By Charlie Kimber
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After two days of national post strikes, don’t throw away the advantage

This article is over 14 years, 5 months old
Royal Mail and the CWU union will meet again for talks on Monday at the TUC following two very successful days of strikes last week: here we look at some of the key issues – and some of the dangers.
Issue 2174

The CWU has got the employers and the government on the back foot. Now it needs to press the advantage home.

It will be disastrous for postal workers, and the whole working class, if this strong position is thrown away. The strikes were very successful, there is a big and growing backlog, and the public back the workers. A BBC poll found that 50 percent of people sympathise most with the postal workers and only 25 percent with the management – despite the torrent of anti-worker propaganda in the media.

Here are some basic principles that should guide the talks this week, and will be important when assessing a settlement:

  1. No end to the strikes without a clear and acceptable agreement on the key issues. It WILL NOT be enough, for example, for Royal Mail to say it might reconsider some aspects of the changes it has imposed this year, or that it will put them back into the Industrial Relations framework. The danger is that any lull will be used by Royal Mail and the government to get through the pressure period, deal with the backlog, victimise militants – and then announce that they are pressing ahead with 90 percent of the 2009 imposed changes and a whole raft of new ones in 2010.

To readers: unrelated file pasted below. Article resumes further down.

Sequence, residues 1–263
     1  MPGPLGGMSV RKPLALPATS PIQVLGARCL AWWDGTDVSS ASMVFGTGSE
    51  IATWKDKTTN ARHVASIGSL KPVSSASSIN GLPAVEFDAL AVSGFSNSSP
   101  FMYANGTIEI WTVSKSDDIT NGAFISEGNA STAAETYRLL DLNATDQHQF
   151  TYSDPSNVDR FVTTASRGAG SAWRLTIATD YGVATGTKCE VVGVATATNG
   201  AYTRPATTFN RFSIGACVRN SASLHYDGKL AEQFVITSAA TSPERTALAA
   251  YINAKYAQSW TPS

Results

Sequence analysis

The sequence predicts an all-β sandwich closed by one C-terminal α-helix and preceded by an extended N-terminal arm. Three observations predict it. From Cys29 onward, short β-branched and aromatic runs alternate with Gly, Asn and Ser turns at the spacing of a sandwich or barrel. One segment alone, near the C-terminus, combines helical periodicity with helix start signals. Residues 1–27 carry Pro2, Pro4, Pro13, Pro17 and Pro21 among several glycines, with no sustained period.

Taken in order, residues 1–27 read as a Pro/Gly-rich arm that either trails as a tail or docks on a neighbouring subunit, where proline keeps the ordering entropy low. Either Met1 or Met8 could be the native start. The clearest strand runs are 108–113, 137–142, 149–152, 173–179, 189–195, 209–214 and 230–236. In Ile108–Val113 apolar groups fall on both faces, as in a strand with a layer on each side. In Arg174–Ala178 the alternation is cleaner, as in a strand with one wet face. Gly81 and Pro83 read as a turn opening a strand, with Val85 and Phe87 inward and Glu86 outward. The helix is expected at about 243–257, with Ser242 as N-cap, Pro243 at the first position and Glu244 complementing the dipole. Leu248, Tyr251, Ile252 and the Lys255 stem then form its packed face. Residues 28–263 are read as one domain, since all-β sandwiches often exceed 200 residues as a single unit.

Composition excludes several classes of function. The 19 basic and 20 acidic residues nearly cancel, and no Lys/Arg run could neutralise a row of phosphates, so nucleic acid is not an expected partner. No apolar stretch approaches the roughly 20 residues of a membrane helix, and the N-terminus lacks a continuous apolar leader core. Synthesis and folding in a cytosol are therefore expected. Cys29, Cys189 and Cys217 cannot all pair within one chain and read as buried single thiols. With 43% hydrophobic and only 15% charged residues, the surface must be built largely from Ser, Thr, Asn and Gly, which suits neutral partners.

On Sunday Royal Mail chief executive Adam Crozier said that while he hoped an outline agreement would result in this week’s strikes being called off, it would take ‘a couple of months’ to agree any final deal. That is a recipe for defeat. Don’t let him get away with it! Postal workers should also remember that the TUC brokered the 2007 national deal which has proved so ineffective – and threw away the pension scheme.

    Workers need to know that the changes they have been taking action against (and London workers have lost 17 days pay over) are being withdrawn.

  2. A shorter working week rather than mass job losses.
  3. Protection of full-time jobs, not an army of part-timers.
  4. Recognition of seniority so that management cannot pick and choose who they want to do the tougher walks.
  5. No deal without action against management bullying – and not just another ‘review’. Eight years ago there was a massive ‘independent’ review (The Sawyer Review) that was supposed to have solved the bullying issue. It failed utterly. Bullying takes place not just because of unpleasant individuals but because of the culture to get more and more work from fewer and fewer workers. That inevitably leads to brutal methods. In truth the only guard against bullying is a strong and active union which is prepared to take action. But the worst culprits among management also need to be removed.
  6. A cast iron guarantee of no victimisation and the withdrawal of the disciplinaries as a result of the dispute. Some twaddle about ‘dealing with these questions professionally’ will not be enough.
  7. No reduction in union rights.
  8. Action over pensions and pay.

The CWU must use its strong position: build the strikes and demand that the whole working class gets behind this vital struggle.

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